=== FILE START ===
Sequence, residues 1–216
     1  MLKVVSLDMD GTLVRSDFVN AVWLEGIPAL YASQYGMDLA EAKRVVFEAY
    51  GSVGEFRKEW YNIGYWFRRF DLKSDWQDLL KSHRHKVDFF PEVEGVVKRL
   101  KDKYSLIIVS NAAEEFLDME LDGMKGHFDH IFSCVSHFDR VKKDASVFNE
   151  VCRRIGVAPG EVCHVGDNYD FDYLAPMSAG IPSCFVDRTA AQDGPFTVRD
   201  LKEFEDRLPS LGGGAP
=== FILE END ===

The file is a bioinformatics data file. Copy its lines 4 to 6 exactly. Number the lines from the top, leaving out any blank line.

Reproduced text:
   101  KDKYSLIIVS NAAEEFLDME LDGMKGHFDH IFSCVSHFDR VKKDASVFNE
   151  VCRRIGVAPG EVCHVGDNYD FDYLAPMSAG IPSCFVDRTA AQDGPFTVRD
   201  LKEFEDRLPS LGGGAP